Google Updates Spam And Ranking Systems Guidance

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            Google Updates Spam And Ranking Systems Guidance

Google updated their spam policies for web search and the guide to ranking systems to clarify how Google handles sites with a high number of non-consensual explicit imagery and requests for their removals.

The changes are to the policy that specifically mentions sites that charge for removal of negative information but the guidance also states that if they will also demote content on other sites that practice the same pattern of behavior.

Thus, a report about one site can trigger demotions of other sites that have similar kinds of exploitative removal practices.

Background Of Google’s Policies On Non-Consensual Explicit Imagery

The kind of imagery Google is demoting sites for is the sharing of intimate images without the consent of the party whose picture is being publicly shared on a website.

Google has been removing “revenge porn” from their search index since 2015. These changes continue Google’s evolution of their spam and ranking policies.

Changes to Google’s Spam Policies

These are the changes to Google’s spam and demotion guidance:

Original wording:

“If we process a high volume of personal information removals involving a site with exploitative removal practices, we demote other content from the site in our results.

We also look to see if the same pattern of behavior is happening with other sites and, if so, apply demotions to content on those sites.

We may apply similar demotion practices for sites that receive a high volume of doxxing content removals.

Furthermore, we have automatic protections designed to prevent non-consensual explicit personal images from ranking highly in response to queries involving names.”

This was added:

“removals or non-consensual explicit imagery removals.”

The new version now reads (emphasis on additional words ):

“If we process a high volume of personal information removals involving a site with exploitative removal practices, we demote other content from the site in our results.

We also look to see if the same pattern of behavior is happening with other sites and, if so, apply demotions to content on those sites.

We may apply similar demotion practices for sites that receive a high volume of doxxing content removals or non-consensual explicit imagery removals.”

Perhaps of interest to some is the removal of a reference to automatic systems for removing this kind of content.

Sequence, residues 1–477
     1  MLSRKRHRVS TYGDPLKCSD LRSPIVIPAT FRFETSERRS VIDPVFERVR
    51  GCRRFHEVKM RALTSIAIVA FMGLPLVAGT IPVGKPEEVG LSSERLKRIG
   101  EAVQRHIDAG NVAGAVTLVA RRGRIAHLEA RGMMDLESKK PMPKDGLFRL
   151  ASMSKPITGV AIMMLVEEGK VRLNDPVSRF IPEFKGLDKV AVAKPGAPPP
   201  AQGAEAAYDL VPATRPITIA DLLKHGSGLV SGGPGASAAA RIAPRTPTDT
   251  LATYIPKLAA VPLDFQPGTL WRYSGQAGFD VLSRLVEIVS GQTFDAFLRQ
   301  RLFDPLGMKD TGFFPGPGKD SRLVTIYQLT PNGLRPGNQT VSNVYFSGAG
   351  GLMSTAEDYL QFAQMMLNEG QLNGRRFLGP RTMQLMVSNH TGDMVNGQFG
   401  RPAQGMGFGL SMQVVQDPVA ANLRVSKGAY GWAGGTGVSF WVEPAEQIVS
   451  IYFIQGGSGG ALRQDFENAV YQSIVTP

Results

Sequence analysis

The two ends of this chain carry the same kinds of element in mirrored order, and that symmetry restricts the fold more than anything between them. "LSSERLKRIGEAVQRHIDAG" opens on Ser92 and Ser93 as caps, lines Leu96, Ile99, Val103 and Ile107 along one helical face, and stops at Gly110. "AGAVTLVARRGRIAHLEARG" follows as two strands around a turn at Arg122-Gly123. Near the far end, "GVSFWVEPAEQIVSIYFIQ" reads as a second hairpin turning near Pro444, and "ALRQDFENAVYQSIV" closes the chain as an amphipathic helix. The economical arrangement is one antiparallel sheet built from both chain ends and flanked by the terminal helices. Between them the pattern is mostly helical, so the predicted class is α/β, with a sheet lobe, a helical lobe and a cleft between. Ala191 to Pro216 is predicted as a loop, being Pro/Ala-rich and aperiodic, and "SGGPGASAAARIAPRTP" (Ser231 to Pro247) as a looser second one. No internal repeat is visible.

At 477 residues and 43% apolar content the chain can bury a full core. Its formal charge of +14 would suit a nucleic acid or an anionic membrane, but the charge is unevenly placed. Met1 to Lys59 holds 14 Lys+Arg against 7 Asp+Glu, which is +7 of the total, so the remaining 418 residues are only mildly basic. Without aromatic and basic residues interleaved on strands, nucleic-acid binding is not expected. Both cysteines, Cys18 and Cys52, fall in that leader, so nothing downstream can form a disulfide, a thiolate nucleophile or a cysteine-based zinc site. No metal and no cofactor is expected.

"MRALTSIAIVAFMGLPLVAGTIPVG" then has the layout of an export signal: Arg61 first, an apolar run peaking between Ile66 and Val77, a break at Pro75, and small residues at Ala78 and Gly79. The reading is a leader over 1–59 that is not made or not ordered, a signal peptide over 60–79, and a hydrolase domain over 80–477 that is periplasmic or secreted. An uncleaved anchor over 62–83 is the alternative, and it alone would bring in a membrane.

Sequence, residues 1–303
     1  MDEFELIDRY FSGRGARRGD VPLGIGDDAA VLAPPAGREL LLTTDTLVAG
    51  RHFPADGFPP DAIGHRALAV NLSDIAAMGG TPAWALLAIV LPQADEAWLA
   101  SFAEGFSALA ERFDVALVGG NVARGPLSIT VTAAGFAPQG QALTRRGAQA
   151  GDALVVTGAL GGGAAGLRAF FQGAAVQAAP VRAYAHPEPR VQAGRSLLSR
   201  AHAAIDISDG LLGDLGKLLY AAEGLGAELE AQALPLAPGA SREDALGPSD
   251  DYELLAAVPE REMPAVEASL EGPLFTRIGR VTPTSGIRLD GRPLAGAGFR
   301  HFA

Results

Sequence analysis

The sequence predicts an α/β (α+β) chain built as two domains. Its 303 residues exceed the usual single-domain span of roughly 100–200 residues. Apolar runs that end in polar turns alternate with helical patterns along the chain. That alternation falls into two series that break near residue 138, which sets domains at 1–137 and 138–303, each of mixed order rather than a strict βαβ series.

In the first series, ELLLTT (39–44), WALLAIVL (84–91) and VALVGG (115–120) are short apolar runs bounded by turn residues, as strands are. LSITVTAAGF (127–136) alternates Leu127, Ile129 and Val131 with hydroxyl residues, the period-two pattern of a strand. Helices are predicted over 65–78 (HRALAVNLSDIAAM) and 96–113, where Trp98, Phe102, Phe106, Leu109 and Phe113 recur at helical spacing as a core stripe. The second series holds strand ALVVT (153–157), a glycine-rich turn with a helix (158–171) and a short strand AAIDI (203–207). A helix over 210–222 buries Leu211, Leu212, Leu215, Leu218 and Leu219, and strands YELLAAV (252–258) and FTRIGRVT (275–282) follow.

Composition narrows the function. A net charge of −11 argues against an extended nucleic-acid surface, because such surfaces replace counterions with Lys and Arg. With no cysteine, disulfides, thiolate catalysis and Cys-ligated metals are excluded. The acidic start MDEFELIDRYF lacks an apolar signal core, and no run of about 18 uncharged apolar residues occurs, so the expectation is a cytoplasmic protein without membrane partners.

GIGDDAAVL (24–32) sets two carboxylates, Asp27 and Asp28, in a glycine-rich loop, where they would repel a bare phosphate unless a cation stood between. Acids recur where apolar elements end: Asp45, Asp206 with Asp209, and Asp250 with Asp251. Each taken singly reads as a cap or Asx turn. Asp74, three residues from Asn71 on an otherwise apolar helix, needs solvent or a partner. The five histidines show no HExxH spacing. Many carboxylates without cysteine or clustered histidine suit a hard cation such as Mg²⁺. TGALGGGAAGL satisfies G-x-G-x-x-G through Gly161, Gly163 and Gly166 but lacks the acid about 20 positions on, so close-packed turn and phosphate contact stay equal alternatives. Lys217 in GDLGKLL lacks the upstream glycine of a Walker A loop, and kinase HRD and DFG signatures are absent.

This is what was removed:

“Furthermore, we have automatic protections designed to prevent non-consensual explicit personal images from ranking highly in response to queries involving names.”

Why did Google remove that passage?

Is it because it said too much or because the system no longer exists? Or was it removed because it was redundant with the part that already mentions demotions?

I think it’s the latter, that it was removed because it was redundant.

Search Ranking Systems Guidance Updated

A similar edit was made to Google’s Guide to Search Ranking Systems where the same sentence about the “automatic protections” was entirely removed, possibly because it was redundant.

But new wording was added to the last sentence that detailed what would trigger a removal demotions from Google’s search results.

The additional reason for demotion is sites that experience a high level of “non-consensual explicit imagery removals” requests.

The updated passage, with the section about “automatic systems” removed, now reads like this:

“Personal information removals: If we process a high volume of personal information removals involving a site with exploitative removal practices, we demote other content from the site in our results. We also look to see if the same pattern of behavior is happening with other sites and, if so, apply demotions to content on those sites. We may apply similar demotion practices for sites that receive a high volume of doxxing content removals or non-consensual explicit imagery removals.”

Read Google’s updated spam policies:

Spam policies for Google web search

A guide to Google Search ranking systems

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